And so what we think is that by cooperating diplomatically, economically, environmentally, and militarily, we are sharing information, expertise and receiving the benefit of your country's , and those of others, experience in the same field. So we see it as being mutually reinforcing. We see it as building upon the ties that have been established by President Clinton and President Frei, and we think that is mutually beneficial.
So, I think as long as there is transparency, and here I would like to pay tribute to Chile once again - you are the first country in Latin America to publish a white paper on defense - to say that we have nothing to hide, everything is transparent, we are open, this is what we are doing so no one should engage in any suspicion or distrust or misapprehension, and that is to Chile's great credit. And we hope that that example would be followed and emulated by other countries in the region, because the more transparency, the greater of the sense of security that no one country is trying to gain an advantage over the other, and in that fashion, with open dialogue and discussion and candor, the promotion of peace and stability is that much easier.
Q: (La Epoca) Mr. Cohen, my question was partially answered before, but I would like to refer to a strictly military matter. There has been much speculation in Chile over the lobbying that you are doing now, or that President Clinton did in April during his visit, to get Chile to buy U.S. fighter craft. It has also been said that if Chile opts to buy a European fighter, this could in some way pose problems for the delivery of U.S. weapons and defense systems to Chile, such as the Black Hawk helicopters. How much truth is there in that?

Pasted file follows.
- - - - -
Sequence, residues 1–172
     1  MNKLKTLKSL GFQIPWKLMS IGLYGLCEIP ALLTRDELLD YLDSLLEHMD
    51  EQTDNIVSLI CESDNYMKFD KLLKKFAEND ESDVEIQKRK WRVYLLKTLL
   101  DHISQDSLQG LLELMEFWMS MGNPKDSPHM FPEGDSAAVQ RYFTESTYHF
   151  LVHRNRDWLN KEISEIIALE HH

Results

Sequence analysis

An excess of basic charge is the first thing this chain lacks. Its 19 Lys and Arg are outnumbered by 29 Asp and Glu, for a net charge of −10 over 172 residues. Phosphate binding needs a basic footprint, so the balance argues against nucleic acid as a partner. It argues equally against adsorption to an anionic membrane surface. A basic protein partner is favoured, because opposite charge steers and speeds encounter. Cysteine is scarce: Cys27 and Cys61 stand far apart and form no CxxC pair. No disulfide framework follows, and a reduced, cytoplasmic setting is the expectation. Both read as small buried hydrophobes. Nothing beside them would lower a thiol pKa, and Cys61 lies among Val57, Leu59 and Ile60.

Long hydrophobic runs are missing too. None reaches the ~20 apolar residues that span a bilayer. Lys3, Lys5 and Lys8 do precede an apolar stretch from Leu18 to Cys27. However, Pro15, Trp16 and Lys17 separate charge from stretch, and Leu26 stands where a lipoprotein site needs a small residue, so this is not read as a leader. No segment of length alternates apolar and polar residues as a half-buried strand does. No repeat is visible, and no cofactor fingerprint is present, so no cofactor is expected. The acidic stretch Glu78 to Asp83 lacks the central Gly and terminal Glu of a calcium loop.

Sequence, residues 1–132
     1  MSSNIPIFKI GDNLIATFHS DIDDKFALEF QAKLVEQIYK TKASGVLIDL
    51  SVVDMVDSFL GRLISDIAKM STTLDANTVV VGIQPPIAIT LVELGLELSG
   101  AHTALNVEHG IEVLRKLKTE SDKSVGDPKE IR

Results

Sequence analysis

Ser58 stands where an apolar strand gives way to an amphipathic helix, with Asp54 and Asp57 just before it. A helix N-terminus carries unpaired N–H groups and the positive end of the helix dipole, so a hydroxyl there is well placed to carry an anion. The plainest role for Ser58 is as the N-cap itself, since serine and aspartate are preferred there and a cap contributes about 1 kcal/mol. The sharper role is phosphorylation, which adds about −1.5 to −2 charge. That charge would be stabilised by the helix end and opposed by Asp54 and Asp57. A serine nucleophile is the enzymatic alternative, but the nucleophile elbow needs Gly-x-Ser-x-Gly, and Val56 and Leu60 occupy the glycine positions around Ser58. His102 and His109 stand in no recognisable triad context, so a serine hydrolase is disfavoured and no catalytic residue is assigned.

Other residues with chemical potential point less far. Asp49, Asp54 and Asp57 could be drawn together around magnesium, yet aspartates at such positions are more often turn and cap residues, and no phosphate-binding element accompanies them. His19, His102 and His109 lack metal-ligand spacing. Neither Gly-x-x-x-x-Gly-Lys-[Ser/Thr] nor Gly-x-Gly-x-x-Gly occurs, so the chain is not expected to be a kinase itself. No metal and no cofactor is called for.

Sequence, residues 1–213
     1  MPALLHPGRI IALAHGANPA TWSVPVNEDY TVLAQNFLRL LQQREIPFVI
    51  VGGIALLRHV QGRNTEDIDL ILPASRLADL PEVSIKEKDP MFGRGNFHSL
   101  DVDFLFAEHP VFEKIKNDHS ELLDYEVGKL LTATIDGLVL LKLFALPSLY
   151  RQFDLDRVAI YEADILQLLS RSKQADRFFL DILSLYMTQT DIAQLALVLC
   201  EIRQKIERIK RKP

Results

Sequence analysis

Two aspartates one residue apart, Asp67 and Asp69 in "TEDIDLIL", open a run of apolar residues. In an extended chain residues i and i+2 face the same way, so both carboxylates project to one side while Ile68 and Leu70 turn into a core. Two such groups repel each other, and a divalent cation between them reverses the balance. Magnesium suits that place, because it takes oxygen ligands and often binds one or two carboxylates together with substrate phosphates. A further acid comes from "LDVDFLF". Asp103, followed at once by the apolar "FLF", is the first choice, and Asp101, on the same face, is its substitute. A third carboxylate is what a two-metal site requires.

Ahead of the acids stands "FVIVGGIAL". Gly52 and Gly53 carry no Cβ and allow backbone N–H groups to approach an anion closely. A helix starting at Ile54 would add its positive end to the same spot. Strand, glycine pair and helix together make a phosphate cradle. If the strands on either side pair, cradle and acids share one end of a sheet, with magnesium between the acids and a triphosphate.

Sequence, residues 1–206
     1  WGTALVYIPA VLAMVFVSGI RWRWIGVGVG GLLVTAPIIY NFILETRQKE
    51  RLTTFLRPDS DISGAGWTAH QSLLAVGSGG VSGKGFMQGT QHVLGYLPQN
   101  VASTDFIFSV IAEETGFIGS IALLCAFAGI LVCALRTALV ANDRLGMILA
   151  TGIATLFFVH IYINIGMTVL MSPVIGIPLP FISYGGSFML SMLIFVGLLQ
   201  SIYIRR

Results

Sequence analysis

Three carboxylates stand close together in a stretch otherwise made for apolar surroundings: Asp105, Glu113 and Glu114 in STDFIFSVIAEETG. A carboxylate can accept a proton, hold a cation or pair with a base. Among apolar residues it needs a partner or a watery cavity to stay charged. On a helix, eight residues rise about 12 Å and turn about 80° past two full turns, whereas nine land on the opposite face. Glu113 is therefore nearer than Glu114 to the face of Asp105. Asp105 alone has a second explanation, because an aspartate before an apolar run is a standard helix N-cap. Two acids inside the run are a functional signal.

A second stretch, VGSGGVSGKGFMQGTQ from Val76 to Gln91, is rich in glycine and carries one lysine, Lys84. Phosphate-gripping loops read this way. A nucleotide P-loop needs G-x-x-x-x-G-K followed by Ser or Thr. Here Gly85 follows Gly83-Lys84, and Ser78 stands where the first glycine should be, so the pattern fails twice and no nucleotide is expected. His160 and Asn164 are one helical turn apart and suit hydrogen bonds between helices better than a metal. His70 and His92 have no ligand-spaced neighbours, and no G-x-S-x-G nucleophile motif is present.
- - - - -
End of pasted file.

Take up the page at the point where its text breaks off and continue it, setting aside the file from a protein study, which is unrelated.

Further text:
("Sr. Cohen, mi pregunta en parte ya fue contestada anteriormente, pero yo me voy a referir al tema estrictamente militar. Mucho se ha especulado en Chile sobre el lobby que usted está haciendo ahora o que el Presidente Clinton ha hecho cuando vino en abril a Chile para que nuestro país compre los aviones norteamericanos en el proceso caza 2000 de la FACH y también se ha dicho que si Chile se decide por un avión europeo eso podría en alguna medida poner problemas para el suministro de armas y sistemas de defensa norteamericanos a Chile, como por ejemplo los helicópteros Blackhawk. ¿Qúe hay de efectivo en eso?")
A: (Cohen ): It is untrue. The short answer is there is no basis for that statement. President Clinton made very clear that our relationship is deeper and broader than any one sale of any one type of equipment. My mission here is not one of lobbying, but of exchanging views with your Minister. And there has been a (wide) variety of subject matters we have discussed, and to the extent that we can compete effectively and supply Chile with its needs and requirements, we are eager to do so.
But whatever Chile decides, our relationship will continue in a wide variety of areas. It would include military, it would include economic, it would include trade, educational, cultural - it is much broader than any one system. And so there is no basis for any conclusion that has been drawn or argument that has been made that a failure to acquire U.S. technology somehow forecloses other opportunities or other areas of cooperation.
A: (Troncoso): To conclude, I would like to thank you for attending this press conference, and to say that in regard to what Secretary Cohen has just stated, we are in full agreement.
("Para terminar quisiera agradecerles la asistencia a esta conferencia de prensa y en relacion con lo ultimo que ha afirmado el Secretario Cohen expresar que nosotros estamos plenamente de acuerdo en lo que él ha dicho.")